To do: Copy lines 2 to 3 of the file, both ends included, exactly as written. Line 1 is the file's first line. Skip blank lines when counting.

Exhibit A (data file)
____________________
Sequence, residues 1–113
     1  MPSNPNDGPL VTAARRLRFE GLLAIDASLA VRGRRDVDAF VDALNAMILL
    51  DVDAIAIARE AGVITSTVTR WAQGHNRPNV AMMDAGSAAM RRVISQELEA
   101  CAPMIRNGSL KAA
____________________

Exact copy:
     1  MPSNPNDGPL VTAARRLRFE GLLAIDASLA VRGRRDVDAF VDALNAMILL
    51  DVDAIAIARE AGVITSTVTR WAQGHNRPNV AMMDAGSAAM RRVISQELEA